I've been cleaning up this lathe I bought from 47Nomad, a Charles A. Mann with rise and fall cross slide, made in Providence Rhode Island between 1885 and 1905. Overall the lathe is in pretty good shape but does have wear on the bed and scoring on the spindle journals. One tooth has been repaired very nicely on the back gear pinion, the cross slide screw is decent but the cast iron nut could stand replacement. The screw is 1/2" dia. 8 pitch left hand square thread. As Tony at lathes.co.uk says this lathe is "utterly conventional design" with a rise and fall cross slide. Everything came apart easily except the right hand pivot screw for the rise and fall. I think there is swarf jammed in the threads and I did not want to push it too hard as it was not necessary to remove it all the way. The lathe was originally black, I found black paint under the dealer's tag and under the grime on the headstock was no green paint. It looked pretty bad when I cleaned it up so I repainted the headstock black but decided to leave the rest of it green for now. I kind of like the shade, and the contrasting colors may grow on me also. All the change gears are black. I think the tapers are Jarno 5 but have not verified that yet.
An interesting item was included with the lathe, it looks like a craftsman made or previous owner (Chas. Y. Miller) made a compound slide that fits over the lantern tool post for advancing the cut when threading. Included are some pictures that show how it is constructed. The screw is 20 pitch left hand thread and the dial has 25 graduations, so each mark advances the tool .002. If anyone is interested I will post more pictures.
Last edited by Bret Rochotte; 04-30-2012 at 10:14 PM.
Reason: add pictures
Ha, You the Mann! The lathe has cleaned up very nicely.
I really like the idea of a compound feed attachment. Some one had a good idea. I assume it only suitable for very light work. I think would have been better to have something held solidly instead of by the tool post. I mean the same way tool post grinder is held. I wonder if there was ever a factory version?
thanks for the reply, my guess is there was never a factory compound, here is another with what looks like a user made compound, this thread also shows my lathe as found by 47nomad:
Prentiss Tool and Supply Lathe
I meant to say if someone was to design a custom (removable)compound for this type of (rise fall)lathe it would be better if it slid in solidly into the slot where the tool post goes. The way yours was made is too easy for it to spin around. The pictures of that other machine is a permanent modification. Thats not what I mean. I mean something that went on like an aloris or a grinder. A clever person could design or modify a compound that would slide in where the tool post goes. And then be removed just as quick as any other tool post or tool.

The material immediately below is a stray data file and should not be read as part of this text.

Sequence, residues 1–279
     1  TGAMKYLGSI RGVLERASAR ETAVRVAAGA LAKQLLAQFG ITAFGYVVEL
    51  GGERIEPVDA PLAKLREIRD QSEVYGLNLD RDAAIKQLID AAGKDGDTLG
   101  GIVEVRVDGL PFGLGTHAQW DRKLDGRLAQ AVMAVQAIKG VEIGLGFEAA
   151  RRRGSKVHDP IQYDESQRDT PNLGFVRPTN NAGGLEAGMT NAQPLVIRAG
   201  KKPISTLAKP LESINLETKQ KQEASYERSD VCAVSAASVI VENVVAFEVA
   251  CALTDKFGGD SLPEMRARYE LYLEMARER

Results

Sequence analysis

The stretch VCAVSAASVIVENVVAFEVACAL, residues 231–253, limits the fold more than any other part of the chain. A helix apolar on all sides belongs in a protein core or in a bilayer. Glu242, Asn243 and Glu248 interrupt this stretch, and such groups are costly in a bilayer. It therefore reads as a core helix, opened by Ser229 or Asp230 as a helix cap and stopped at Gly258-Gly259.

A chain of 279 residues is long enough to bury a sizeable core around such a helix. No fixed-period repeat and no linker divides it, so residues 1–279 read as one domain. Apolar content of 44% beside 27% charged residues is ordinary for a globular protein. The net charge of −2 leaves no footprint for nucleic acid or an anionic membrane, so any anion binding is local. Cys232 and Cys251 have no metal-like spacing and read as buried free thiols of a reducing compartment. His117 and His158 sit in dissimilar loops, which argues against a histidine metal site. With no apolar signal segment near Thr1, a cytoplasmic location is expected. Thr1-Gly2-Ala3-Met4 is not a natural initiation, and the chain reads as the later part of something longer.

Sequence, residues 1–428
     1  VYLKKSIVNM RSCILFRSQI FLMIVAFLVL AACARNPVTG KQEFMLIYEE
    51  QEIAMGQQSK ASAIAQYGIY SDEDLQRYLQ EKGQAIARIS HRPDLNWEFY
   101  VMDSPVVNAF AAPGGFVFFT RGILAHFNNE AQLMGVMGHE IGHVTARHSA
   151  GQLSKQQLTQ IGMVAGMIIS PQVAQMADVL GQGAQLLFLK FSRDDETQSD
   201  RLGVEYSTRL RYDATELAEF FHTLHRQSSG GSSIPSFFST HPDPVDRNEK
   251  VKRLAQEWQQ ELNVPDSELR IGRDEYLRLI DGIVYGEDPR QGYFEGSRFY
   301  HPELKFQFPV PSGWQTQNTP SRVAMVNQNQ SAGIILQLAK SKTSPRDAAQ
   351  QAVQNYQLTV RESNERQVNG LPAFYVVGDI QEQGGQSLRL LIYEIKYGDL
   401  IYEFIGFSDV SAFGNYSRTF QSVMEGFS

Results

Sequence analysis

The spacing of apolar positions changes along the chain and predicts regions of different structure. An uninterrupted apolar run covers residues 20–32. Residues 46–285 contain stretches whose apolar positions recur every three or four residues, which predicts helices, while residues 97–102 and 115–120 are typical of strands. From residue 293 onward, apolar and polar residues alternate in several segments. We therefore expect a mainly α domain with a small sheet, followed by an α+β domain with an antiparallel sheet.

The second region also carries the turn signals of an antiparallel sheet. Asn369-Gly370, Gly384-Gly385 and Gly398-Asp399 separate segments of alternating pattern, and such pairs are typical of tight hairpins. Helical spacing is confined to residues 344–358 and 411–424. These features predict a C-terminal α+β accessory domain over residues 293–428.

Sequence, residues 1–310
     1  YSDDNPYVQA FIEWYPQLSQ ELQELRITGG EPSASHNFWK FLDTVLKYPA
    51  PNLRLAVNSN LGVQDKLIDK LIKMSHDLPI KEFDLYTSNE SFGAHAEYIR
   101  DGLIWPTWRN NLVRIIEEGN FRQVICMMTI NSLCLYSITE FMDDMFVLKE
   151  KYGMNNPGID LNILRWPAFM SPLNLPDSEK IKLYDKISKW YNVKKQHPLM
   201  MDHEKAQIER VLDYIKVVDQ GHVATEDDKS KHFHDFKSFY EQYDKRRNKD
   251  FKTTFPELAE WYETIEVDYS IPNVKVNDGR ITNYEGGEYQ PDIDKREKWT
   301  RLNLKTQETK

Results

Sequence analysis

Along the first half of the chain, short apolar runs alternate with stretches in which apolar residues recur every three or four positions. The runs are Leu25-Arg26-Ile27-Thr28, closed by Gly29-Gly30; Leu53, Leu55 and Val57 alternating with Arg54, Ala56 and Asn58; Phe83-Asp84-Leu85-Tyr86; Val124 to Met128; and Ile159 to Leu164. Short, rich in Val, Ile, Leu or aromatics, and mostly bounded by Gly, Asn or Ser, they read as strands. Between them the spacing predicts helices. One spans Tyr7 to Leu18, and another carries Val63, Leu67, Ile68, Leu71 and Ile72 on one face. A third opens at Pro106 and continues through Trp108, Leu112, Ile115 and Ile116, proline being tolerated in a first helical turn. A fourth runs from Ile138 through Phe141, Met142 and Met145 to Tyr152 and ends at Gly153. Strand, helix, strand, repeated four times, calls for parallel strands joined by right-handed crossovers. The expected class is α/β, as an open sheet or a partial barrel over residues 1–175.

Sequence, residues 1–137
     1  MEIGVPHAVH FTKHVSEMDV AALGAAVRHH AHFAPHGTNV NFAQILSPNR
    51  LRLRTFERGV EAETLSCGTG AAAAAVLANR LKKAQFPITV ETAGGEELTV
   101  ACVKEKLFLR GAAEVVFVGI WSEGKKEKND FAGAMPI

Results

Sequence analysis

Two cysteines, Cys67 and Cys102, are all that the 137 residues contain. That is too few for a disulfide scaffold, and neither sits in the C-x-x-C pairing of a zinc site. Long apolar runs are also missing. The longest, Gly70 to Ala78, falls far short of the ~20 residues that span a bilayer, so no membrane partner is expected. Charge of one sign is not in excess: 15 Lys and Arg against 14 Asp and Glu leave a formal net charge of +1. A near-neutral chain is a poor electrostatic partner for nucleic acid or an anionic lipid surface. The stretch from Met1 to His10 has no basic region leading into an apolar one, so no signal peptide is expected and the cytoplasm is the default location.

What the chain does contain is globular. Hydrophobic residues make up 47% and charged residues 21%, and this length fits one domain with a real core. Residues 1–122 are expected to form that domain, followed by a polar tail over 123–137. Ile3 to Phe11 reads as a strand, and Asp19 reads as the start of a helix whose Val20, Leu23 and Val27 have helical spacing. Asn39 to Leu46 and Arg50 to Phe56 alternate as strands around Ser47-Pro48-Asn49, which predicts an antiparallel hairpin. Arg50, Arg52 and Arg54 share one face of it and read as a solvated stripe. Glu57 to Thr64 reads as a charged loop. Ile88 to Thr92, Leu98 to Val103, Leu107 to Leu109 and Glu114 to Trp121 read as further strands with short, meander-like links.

Hope this makes sense.
I do like what you have as a collector item, very clever.
my 1895 reed 14 in was built w/out a compound & has "rise & fall" ....due to the xtraslide underneath the x slide , which when ungibbed & moved forward attaches to the shoe on the taper attachment ,there is only abt one in to centerline...so i made a side saddle compound ( dovetails are vertical ) which bolts to the T slot , as you suggested .i tested it & worked just ifne .....i have never used it ...w/ gooseneck threading tool holder the treads i cut are clean ....biggest problem is using a thread stop or REMEMBERING /writing down where to return the thrd tool ....
again w/ the gooseneck I can plunge cut a point @ 140 rpm,w/ a 3/8 flat bit to set up fro between center work truing up a point in the 12 in 4 jaw .....
FWIW ...the minimum belt feed is 7 thou ...i made an xtra hanger & compound gears to get abt one & 1/2 thou using lead screw ....when i took finish cuts w/ the shear grind shaper bit set at abt 65 deg from the horizontal , ,abt 3 thou doc, all feed lines disappear ...And again , i have never used the lead screw slo feeds ....just rediscovering "old truths"
PS the Reed is still orangeish red ...kinda brightens the dungeon......just dont want to repaint what is still a decent finish ( someone in california originally stripped it & painted )
Bret - I have what I THINK is a CA Mann lathe, but I cannot positively identify it. I have a thread here : Lathe is finally back together - C.A. Mann? showing the machine re-assembled. Perhaps we can exchange notes? Mine lacks the lettering on the legs, but perhaps if only one is lettered, mine had been broken/lost and replaced with a blank one?
I'm sure your's is a Mann, check this out:
Old Woodworking Machines • Login
and this: Page Title
I think mine is earlier and I assume your threading chart does not have the maker's name at the top. Let me know if I can be of more help. I am working on getting some good pictures taken as Tony requested some for his Page Title page.
I registered at OWWM forums and will check the thread when I get approval. I have seen the CA Mann page at Tony's website, that's how I originally came to the Mann conclusion. It would seem that mine is a later model.
- No nameplate on the thread chart
- Rounded, rather than squared off, bearing caps
- Much more complex and rounded looking headstock, but with similar styling
- Forward/reverse handle sticks out from the front of the ways, rather than swinging vertically on the back of the headstock
- Tailstock and apron seem identical
- MT2 headstock and tailstock, although I think this is a lather modification
Mine has a later style cross slide which lacks rise and fall. I'm OK with this, as this lathe will be used regularly with HSS on some mild alloys and stainless. No power cross feed on mine. I'll have to get some pictures over to Tony.